Jonathan Rabson, director of NAJOS, added: “This confrontational approach by inspectors is a worrying trend never been seen before in the UK Jewish community. We fear it suggests a shift in policy towards faith schools. It follows a growing suspicion that faith schools are being targeted after news broke this summer of Operation Trojan Horse, an organised attempt by Islamists to covertly co-opt schools in England. In a letter to both Ofsted and Nicky Morgan, Secretary of State for Education, educators argued that Jewish schools were being “disproportionally targeted” and that “Jewish values and ethos are being questioned by inspectors in a climate of hostility designed to unsettle the pupils at member schools”.

    For those who insist on compulsory sex education in schools, I disagree with this approach. The place for sex education is the family, not even in schools, not least at a time when gay mis-sexuality is presented as an option. In our sex-obsessed culture, fornication, promiscuity, adultery and homosexual perversion (including so-called SSM) are the scandals of the day. Popular entertainment and social media need to be purged of gross impurity. How can we complain about the sexual abuse of children yet not be opposed to the wider picture? It is time to return to modesty, personal restraint and sex in marriage only.

    Indiscipline, incivility, binge drinking, drug addiction, gun and knife crimes, teenage pregnancies and abortion are part and parcel of British schooling. These are the reasons why majority of Muslim parents would like to send their children to Muslim schools with Muslim teachers as role models during their developmental periods. Only less than 5% attend Muslim schools and more than 95% keep on attending state and church schools to be mis-educated and de-educated by non-Muslim monolingual teachers.

    Muslim schools teach Muslim children that sex outside marriage is a sin. Homosexuality is also a sin. sex before marriage and homosexuality are western values and Muslims are not supposed to adopt them.
    There are hundreds of state and church schools where Muslim children are in majority. In my opinion, all such schools may be opted out as Muslim Academies. There is no place for a non-Muslim child or a teacher in a Muslim school.
    IA
    http://www.londonschoolofislamics.org.uk
     
  2. dogtowner

    dogtowner Moderator Staff Member

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    I fully agree that sex ed is grossly inappropriate and should be dialed back.
    But still a no to free parochial school for muslims only. Try opening your stance to vouchers for any religious school and you might change some minds.
     
    Zynni likes this.
  3. Jason76

    Jason76 Active Member

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    One funny thing to observe in schools is the fact that so many students are not having sex. Wouldn't sex ed be a type of harassment to those kids? I mean who wants to hear about all the popular kids having sex when you can't have any?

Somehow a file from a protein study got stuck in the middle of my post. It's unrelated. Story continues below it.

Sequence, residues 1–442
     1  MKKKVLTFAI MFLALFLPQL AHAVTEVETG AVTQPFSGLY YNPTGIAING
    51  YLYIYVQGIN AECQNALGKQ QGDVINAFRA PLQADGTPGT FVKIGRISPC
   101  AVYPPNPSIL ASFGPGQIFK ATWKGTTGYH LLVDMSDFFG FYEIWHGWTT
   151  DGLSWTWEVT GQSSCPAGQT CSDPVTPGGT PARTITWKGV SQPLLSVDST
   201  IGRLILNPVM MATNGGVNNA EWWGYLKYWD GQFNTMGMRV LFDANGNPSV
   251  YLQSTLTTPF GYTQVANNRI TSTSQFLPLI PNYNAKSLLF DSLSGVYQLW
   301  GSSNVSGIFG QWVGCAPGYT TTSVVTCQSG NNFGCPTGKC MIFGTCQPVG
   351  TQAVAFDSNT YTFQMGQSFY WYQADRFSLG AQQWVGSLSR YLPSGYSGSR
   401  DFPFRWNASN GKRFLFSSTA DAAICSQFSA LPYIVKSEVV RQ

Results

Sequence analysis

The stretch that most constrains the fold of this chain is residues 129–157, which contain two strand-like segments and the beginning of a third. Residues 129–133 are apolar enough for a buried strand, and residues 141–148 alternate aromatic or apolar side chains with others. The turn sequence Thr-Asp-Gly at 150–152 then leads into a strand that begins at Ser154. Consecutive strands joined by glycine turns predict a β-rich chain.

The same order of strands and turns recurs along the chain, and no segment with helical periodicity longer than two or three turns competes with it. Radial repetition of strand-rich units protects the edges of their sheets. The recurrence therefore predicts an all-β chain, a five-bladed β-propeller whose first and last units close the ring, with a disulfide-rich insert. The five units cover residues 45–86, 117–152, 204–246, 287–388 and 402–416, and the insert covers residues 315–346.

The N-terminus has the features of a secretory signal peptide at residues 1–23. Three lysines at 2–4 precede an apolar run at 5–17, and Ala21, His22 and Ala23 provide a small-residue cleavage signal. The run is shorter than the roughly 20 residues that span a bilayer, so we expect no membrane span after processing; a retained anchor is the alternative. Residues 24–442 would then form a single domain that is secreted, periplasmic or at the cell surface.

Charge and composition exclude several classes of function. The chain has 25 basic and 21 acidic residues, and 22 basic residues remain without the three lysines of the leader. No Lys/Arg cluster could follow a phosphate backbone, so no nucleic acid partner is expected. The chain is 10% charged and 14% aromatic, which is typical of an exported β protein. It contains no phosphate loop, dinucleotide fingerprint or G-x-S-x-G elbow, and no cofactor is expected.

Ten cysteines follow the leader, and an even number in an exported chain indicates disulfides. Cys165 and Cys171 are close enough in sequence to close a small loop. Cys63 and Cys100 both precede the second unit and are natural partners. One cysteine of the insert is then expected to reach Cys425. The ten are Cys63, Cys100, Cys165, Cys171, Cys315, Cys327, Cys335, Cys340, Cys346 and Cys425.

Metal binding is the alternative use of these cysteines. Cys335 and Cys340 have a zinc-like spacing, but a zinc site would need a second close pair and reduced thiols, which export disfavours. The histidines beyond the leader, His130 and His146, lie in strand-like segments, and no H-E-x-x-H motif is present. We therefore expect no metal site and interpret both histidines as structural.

In addition, hearing about sex in schools is a joke cause obviously students should be studying, not having sex. Really good students are probably not having sex.
     
  4. remnant

    remnant Member

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    The issue of sex education is a tricky one and places parents and educational providers between a rock and a hard place. I think students and youngsters in general should be taught about sex by resource persons who are not their teachers nor parents. This will foster uninhibited participation. Sex should not be stigmatised but a clear and present danger type of caution should be taught so as to have them appreciate chastity.
     
  5. pwarbi

    pwarbi Active Member

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    Sex education in schools is always going to be a risky subject to tackle, with strong opinions to be had for the supporters and those opposing it being in a curriculum.

    Is sex education important, well yes of course it is, but the question should it be taught as part of the education system isn't so cut and dried. Personally I think there is a place for it to be taught in schools, but just maybe to a lesser extent to what it is now.
     
  6. Jason76

    Jason76 Active Member

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    Kids that young shouldn't be have children, and obviously if they're having sex that gives them a high probability of it. It's funny that punk kids that age behave as though they're having sex, mocking the nerdy students who aren't. However, chances are, the punk kids are not having sex either.

    For instance, the punk kid might say, "Are you gay? Are you a virgin?".
     
    Last edited: Mar 7, 2016
  7. nytegeek

    nytegeek Member

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    In the context of science and human health it should be taught in schools. I really don't see a debate here. As for the ages and extent of the curriculum that is another matter.